Schultz v. Wheaton Glass Company

Courtesy of the National Archives, Still Pictures and Records Section, Special Media Archives Services Division

The Wheaton Glass Company of Millville, New Jersey, provided different titles for the same tasks performed by men and women. Male workers were employed as “selector-packer-stackers,” while women were employed as “selector-packers.” By giving men a different title, the company could pay them higher wages than the women performing similar tasks in the warehouse.

In 1970, Schultz v. Wheaton Glass Co. was heard before the United States Court of Appeals for the Third Circuit. The case was named for George P. Schultz, the Secretary of Labor at the time, and the defending company. On January 13, the court determined that a job that is “substantially equal” in terms of tasks, but not necessarily in the job description or title, is protected by the Equal Pay Act of 1963. Therefore, women cannot receive lower wages for a job with similar tasks to those of men.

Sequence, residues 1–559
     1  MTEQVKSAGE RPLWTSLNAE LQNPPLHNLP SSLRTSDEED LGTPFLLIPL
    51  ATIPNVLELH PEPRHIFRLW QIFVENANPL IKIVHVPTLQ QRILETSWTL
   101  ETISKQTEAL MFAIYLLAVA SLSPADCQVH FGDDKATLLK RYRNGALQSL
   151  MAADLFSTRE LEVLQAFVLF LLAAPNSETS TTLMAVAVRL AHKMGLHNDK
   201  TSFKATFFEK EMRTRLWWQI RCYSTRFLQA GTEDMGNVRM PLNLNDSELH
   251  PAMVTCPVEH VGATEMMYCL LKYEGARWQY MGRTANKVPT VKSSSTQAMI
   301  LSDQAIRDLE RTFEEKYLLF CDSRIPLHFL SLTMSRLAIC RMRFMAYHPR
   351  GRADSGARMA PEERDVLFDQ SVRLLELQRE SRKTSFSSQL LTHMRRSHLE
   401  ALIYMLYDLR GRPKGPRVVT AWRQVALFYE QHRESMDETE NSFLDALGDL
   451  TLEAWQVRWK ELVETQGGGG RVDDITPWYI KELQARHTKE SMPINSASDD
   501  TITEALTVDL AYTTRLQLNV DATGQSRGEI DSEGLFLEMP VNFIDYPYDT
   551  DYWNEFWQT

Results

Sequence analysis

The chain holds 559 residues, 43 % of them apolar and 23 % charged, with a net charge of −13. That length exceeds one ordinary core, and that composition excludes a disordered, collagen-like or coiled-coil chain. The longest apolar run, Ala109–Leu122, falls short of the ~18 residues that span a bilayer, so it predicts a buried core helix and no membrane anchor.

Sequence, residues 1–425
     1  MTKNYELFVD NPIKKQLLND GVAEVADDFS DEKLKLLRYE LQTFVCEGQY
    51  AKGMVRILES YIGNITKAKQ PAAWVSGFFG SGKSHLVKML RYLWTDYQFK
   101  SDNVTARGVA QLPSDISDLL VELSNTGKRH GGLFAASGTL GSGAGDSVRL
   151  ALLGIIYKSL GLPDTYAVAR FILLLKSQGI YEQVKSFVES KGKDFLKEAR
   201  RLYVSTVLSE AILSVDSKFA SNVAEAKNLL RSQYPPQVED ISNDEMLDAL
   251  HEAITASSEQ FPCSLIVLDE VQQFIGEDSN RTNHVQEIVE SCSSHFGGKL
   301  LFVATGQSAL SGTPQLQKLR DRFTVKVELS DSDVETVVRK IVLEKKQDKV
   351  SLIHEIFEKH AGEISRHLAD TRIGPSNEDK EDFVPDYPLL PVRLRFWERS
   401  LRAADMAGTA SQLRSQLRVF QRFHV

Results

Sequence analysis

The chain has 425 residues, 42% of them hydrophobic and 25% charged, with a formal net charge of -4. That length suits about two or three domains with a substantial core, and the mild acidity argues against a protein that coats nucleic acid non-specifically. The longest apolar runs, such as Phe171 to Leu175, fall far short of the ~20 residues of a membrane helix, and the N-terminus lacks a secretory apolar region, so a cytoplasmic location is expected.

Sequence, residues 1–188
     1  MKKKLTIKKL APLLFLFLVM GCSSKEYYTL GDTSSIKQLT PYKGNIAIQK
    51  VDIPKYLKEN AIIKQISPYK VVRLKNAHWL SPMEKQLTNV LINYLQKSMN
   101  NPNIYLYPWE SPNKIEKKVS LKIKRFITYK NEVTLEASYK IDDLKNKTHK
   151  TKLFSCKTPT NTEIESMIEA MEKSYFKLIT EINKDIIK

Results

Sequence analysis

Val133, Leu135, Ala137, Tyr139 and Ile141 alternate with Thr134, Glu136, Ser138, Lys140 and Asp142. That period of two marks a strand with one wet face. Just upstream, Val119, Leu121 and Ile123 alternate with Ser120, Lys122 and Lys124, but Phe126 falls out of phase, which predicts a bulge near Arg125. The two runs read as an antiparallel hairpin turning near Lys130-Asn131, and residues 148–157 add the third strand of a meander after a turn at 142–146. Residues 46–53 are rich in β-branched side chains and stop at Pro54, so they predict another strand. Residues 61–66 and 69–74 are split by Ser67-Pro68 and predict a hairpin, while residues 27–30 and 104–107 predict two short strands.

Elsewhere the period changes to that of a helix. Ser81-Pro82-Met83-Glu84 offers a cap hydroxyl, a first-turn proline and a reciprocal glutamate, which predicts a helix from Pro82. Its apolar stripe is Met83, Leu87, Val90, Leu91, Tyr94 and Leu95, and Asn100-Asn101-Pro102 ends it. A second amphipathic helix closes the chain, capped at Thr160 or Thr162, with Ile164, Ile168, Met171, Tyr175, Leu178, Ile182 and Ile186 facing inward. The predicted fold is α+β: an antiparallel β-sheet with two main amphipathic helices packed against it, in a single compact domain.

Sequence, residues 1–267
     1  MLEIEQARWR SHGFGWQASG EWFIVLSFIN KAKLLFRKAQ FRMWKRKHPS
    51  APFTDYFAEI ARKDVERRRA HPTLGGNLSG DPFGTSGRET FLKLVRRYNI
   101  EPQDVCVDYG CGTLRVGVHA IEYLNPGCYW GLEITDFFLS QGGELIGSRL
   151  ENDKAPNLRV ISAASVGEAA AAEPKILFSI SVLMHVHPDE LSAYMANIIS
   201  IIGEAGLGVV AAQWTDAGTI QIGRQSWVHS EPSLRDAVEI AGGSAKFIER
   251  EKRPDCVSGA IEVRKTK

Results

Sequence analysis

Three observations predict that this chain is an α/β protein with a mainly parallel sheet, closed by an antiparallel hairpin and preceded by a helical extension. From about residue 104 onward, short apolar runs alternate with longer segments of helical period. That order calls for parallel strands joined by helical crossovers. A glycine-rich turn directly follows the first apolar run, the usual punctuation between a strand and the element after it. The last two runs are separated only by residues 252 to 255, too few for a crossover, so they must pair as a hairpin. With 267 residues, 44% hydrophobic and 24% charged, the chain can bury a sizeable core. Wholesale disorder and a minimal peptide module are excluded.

The case was an important test in the upholding of the Equal Pay Act and helped to further define the limitations of the equal pay chapter of the Civil Rights Act of 1964. The meaning of the word “equal” was clarified by this case to mean “substantially equal” rather than “identical.” Schultz v. Wheaton Glass Co. is still studied as a landmark case in equal pay for women in the workplace.